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Case Reports
  • Kenji Wakida, Hiroyuki Morita, Takeo Sakurai, Hiroshi Nishida
    2016 Volume 56 Issue 3 Pages 174-179
    Published: 2016
    Released: March 30, 2016
    [Advance publication] Released: February 24, 2016
    JOURNAL FREE ACCESS
    A 75-year-old woman presented with a 4-month history of repetitive loss of consciousness, dizziness, and ear fullness. Fluid attenuation inversion recovery magnetic resonance imaging showed high-intensity areas in the right occipital lobe, both frontal lobes, and parietal lobes, and the patient was therefore admitted to our department for further examination. Neurologic findings included a positive Barré sign (right upper extremity), impaired tandem gait, and positive left-sided Babinski reflex. The patient was diagnosed with Takayasu’s arteritis owing to a difference in blood pressure between the left and right upper extremity, weakened pulse in the left upper extremity, as well as thickened arterial wall, and delayed enhancement on a contrast-enhanced computed tomography image. The head magnetic resonance imaging findings disappeared within 4 months and the patient was diagnosed with posterior reversible encephalopathy syndrome. Posterior reversible encephalopathy syndrome associated with elderly female Takayasu’s arteritis is rare. ; the present case therefore offers valuable information.
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  • Ryuhei Kono, Hirotaka Iwaki, Shinichi Takeshima, Yutaka Shimoe, Shinzo ...
    2016 Volume 56 Issue 3 Pages 180-185
    Published: 2016
    Released: March 30, 2016
    [Advance publication] Released: February 18, 2016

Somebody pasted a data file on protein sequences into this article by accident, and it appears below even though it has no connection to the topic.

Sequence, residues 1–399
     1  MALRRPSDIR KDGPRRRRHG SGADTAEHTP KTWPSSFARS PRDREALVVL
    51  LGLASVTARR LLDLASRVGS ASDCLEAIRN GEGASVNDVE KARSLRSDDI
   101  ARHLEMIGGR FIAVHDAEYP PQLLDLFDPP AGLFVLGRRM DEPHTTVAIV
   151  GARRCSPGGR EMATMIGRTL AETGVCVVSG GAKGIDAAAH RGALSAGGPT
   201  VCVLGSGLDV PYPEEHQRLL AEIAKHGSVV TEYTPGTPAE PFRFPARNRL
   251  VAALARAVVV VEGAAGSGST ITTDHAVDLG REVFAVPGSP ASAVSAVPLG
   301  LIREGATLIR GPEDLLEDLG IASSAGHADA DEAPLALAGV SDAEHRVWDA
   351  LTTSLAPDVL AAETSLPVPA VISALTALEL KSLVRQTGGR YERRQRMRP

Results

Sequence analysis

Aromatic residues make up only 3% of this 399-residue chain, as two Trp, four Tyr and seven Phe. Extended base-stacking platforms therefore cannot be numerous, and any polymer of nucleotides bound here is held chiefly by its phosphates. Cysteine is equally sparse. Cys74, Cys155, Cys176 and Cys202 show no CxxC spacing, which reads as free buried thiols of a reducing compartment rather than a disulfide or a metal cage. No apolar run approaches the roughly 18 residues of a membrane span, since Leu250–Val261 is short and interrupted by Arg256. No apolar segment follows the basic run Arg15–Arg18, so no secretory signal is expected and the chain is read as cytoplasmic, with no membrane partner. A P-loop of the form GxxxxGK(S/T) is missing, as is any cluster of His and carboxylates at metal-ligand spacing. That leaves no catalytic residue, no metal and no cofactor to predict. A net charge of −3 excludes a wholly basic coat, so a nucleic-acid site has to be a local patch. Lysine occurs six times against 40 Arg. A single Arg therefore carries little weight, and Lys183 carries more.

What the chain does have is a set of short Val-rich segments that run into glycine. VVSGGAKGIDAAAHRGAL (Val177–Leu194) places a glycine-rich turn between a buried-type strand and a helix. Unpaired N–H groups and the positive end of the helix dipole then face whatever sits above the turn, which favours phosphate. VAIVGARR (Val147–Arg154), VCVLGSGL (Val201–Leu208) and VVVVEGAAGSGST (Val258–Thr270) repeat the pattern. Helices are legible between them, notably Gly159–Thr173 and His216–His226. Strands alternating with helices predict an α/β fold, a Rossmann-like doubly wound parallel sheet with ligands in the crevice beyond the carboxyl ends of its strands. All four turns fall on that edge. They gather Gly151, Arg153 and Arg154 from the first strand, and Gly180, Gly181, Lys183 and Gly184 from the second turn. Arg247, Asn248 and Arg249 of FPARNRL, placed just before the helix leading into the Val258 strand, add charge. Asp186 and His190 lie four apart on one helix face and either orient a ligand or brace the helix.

JOURNAL FREE ACCESS
    Of the 11,161 cases of stroke observed for over 9 years, 21 cases in which both levels of serum albumin and cholesterol were < 3 g/dl and > 250 mg/dl, respectively, were identified. Out of these 21 cases, cases of severe proteinuria, i.e., nephrotic syndrome were selected. These included 10 cases of arterial ischemic thrombosis, 2 cases of cerebral venous sinus thrombosis, and 4 cases of intracerebral hemorrhage. The incidence of intracerebral hemorrhage associated with nephrotic syndrome was 0.18% of total stroke or 0.036% intracerebral hemorrhage. Nephrotic syndrome essentially induced a hypercoagulable state. The 4 cases with intracerebral hemorrhage associated with nephrotic syndrome, however, had strong risk factors for intracerebral hemorrhage, suggesting that they overcame the risk for thrombophilia. The diseases associated with the nephrotic syndrome were diabetic nephropathy and amyloidosis in 3 cases and in 1 case, respectively. The nephrotic syndrome tends to be associated with a risk for venous or arterial thrombosis. In addition, we must pay attention to intracerebral hemorrhage associated with nephrotic syndrome in cases of stroke.